Greenberg is passionate, lively, funny, and always crystal-clear.
I thought a lot of early music, including plain chant and the madrigal, were not for me. Boy was I wrong!
Almost every time he plays an excerpt that he's been describing, I'm moved.
I fell in love with great music rather late in the game, at age 22, without any knowledge. I've always steered clear of explanation and analysis, fearing that intellectualizing music would throw a wet blanket over my enjoyment. I was wrong. These lectures have increased my enjoyment enormously.
I have bought and listened about 20 audiobooks so far and without hasitate I can assure this is the best of all.
I consider myself as a complete music ignorant, though I like it. My previous audibooks where none of them about music nor art appreciation. I'm an engineer and without any prior music education.
Though this audibook gave the basis to start understanding great music. Gave me the basis to open my own road in music appreciation.
A phat and big round TEN for Robert Greenberg.
That is exactly what this audibook is: a story!
Robert Greenberg nailed it from the 1st chapter all along the last one. He explained with great humor, knowledge and humble, the human history and where every piece of music and composer fits. He explained the different ages with great detailed but never pretentious. This is the perfect formula for any person without any prior music knowledge to be involved in this wonderful world.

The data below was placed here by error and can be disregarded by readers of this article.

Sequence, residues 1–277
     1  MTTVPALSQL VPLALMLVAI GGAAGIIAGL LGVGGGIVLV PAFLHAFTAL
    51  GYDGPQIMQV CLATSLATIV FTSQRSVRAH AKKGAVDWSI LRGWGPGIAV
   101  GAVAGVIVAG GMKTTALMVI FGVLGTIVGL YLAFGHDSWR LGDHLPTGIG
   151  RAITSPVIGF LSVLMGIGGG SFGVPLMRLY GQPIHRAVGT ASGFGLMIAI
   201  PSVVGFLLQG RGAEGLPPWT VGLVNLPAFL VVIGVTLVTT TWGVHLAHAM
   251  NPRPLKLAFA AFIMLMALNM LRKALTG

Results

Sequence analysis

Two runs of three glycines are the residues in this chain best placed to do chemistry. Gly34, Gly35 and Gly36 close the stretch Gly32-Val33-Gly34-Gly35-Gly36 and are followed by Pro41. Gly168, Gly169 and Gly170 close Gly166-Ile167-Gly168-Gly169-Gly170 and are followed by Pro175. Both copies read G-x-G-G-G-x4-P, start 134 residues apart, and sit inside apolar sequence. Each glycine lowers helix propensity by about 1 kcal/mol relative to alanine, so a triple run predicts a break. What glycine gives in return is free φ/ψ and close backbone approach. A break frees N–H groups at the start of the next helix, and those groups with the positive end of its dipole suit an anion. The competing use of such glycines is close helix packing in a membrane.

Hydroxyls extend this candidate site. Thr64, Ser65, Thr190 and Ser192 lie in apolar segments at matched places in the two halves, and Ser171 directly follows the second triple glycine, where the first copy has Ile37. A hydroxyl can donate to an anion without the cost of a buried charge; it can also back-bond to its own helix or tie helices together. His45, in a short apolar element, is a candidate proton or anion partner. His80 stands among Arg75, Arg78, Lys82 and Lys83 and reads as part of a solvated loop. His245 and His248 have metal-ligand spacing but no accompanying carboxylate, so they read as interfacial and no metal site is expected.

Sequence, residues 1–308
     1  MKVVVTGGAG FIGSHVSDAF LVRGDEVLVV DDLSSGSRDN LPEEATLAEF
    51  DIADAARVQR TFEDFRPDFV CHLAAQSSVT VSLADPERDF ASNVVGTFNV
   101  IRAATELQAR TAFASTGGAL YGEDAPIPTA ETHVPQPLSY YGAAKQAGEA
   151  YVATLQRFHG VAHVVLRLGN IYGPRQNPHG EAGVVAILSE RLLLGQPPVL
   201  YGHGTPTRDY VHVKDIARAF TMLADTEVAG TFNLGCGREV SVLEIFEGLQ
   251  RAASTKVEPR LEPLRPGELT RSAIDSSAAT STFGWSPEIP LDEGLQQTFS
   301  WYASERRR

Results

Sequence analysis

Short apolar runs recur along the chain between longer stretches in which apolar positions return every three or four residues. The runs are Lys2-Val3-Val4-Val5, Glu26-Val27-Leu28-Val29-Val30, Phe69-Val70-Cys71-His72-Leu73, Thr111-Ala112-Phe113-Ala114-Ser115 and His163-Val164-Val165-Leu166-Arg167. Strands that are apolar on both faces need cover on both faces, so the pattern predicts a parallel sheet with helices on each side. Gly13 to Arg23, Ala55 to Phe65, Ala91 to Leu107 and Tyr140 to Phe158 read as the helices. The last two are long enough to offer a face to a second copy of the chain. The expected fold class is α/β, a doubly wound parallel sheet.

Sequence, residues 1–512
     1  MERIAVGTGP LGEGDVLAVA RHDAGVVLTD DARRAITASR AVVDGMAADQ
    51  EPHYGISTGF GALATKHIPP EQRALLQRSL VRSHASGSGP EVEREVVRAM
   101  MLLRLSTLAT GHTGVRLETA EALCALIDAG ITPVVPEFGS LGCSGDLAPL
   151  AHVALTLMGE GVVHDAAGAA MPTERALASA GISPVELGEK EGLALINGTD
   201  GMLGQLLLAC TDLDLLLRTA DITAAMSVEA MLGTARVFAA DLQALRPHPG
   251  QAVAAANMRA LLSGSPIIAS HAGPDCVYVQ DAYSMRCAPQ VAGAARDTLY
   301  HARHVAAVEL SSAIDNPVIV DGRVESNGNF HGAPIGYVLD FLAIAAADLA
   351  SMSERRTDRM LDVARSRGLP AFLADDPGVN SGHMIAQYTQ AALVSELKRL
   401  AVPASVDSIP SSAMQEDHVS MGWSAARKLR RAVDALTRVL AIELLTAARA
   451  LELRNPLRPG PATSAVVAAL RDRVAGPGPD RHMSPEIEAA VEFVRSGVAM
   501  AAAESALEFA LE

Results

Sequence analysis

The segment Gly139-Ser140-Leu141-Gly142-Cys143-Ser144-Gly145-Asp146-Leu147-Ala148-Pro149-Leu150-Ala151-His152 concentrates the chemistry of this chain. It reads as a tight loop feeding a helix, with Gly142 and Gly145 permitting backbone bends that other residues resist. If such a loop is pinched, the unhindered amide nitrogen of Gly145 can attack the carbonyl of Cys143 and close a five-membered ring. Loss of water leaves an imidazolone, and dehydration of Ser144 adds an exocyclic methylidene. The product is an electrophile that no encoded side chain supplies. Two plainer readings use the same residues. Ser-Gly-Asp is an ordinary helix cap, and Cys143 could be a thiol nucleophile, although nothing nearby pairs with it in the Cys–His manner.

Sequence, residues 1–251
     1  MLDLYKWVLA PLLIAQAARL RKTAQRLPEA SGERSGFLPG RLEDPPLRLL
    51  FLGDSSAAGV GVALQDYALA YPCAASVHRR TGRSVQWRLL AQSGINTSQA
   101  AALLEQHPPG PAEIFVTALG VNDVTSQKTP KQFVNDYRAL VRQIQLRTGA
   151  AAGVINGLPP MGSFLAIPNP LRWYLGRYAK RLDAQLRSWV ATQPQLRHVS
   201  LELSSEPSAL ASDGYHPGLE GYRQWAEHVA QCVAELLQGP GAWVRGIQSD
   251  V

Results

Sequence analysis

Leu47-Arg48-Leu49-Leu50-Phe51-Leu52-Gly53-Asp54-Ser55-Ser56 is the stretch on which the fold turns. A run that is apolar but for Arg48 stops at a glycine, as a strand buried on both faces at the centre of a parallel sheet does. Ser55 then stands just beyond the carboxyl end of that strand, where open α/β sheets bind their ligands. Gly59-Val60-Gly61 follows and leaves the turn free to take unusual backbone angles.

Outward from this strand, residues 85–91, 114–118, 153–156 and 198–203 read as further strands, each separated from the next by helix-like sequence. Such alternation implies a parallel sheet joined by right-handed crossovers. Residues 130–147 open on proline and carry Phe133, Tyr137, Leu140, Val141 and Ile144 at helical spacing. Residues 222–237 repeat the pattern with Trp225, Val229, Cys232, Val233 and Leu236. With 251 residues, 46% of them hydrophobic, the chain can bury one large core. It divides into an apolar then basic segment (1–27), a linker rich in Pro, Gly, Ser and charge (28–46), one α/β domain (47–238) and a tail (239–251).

Robert's sense of humor, intelligent and even sarcastic comments
The moment I started understanding some Mozart's movements.
The moment I started to differentiate the inner structure of menuettos, sonatas, passacaglias, fuges, rondos, etc.. I started to realize that this was the perfect audiobook for a guy like me.
The moment my ipod started to be filled with classical, baroque, romantic music, operas and not just to hear them, but to own them.
This audiobook really moved me because I am not a passive listener any more, now I understand, now they are not Beethoven's, Mozart's, Debussy's any more, now I'm active, now they are mine.
I really want to thank Robert Greenberg for this wonderful work. I do not know him personally but I believe he changed me in a deep and aesthetical manner.
Absolutely, lots of insightful information
Guillaume de Machaut
I have listened to classical music all my life, but never really had a deep knowledge of its forms or history. This lecture series has given me a much deeper understanding and greatly broadened my musical pallet.
I especially enjoyed the history of ancient music.